Updated: Mar 30, 2020
What the heck is an eleuthero root? Prior to owning a tea company, in 1,000 tries I would never be able to guess this is an actual thing. But, in fact, it is exactly that. A Thing.
In this post we will be discussing what eleuthero root is, it's history, the health benefits of consuming this root, and all the teas you can order from Sonoran Blossom Tea Co that contain eleuthero root. The name alone is boring, I get it. But stick with us, it will be worth a few minutes of your time - I promise.
Eleuthero root, also known as Siberian Ginseng, is an adaptogenic herb native to Russia, China, Korea and Japan. Adaptogen's have four main characteristics, with stress resistance being the most common.
Eleuthero root was brought to the United States in the 1970's, and since has become one of the top-selling herbal dietary supplements in the country.
Historically, eleuthero has been used in traditional Chinese medicine for over 2,000 years. The Chinese use of this root never created demand in the United States or the "west," however after Russian researchers studied the health effects of the plant, the demand for eleuthero in the west grew quickly.
Eleuthero is believed to be able to assist with a wide range of common ailments and diseases including:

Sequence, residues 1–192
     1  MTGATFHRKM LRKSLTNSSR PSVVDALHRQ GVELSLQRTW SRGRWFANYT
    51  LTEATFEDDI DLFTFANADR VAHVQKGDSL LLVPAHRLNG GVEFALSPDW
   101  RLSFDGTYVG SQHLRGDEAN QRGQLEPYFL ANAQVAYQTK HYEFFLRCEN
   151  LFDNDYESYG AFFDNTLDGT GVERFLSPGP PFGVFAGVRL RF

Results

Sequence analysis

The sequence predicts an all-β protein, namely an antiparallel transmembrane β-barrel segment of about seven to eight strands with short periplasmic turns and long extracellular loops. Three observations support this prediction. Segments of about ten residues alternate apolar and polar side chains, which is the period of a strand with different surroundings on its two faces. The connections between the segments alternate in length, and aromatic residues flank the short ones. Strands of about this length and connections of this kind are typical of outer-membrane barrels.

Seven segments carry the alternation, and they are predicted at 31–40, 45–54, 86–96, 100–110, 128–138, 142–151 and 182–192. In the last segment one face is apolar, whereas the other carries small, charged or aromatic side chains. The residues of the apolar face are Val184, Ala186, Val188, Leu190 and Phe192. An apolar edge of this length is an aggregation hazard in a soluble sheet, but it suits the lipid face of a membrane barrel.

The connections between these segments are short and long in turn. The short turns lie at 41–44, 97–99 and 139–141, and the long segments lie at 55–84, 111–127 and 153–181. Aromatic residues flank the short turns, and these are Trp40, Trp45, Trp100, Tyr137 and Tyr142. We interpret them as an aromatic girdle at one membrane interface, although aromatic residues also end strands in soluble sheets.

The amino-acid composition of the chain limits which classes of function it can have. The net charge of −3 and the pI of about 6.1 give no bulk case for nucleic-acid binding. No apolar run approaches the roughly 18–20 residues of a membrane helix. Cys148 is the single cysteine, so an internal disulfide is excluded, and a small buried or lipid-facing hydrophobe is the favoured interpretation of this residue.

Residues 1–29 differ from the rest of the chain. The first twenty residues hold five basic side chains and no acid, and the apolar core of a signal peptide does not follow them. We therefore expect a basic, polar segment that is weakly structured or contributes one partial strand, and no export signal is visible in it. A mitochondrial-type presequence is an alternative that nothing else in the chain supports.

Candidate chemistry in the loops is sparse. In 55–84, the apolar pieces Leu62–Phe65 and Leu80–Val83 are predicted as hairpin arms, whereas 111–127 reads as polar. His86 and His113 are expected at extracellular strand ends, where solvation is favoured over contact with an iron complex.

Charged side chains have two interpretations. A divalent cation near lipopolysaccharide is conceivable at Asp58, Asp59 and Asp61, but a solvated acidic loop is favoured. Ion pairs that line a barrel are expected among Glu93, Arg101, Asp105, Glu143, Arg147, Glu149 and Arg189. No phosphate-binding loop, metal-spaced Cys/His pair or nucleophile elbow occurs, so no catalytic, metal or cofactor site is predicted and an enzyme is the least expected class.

When taken in coordination with Andrographis, eleuthero is known to be able to remedy the common cold. A study of 130 children revealed that the use of these two herbs reduced the duration and severity of their colds.
People who suffer from mild, stress induced fatigue may experience improved mental performance when consuming eleuthero root. The studies suggest severe fatigue remains unaffected by eleuthero root, however mild and moderate fatigue can be relieved.
A study published in The Korean Journal of Physiology and Pharmacology studied 57 patients suffering from osteoarthritis of the knee. The group that had consumed eleuthero showed a large improvement in pain and physical functioning when compared to those who took placebo's.
A 2008 study of postmenopausal women showed that consuming eleuthero root significantly reduced LDL cholesterol. LDL cholesterol is considered "bad cholesterol," and is strongly linked to heart disease and cancer.
Eleuthero root still has much to be studied. While this root has been used for centuries, it was not until recently that the herb was widely accepted in the western market, or studied to a degree that creates enough solid science to hang our hats on. However, it's popularity among professional athletes, anecdotal evidence, and early studies suggest this root can do a lot of great things for our mind and body. Check out the list below of available teas containing eleuthero root, give them a try, and then let us know what you think!
Check out our teas containing eleuthero root!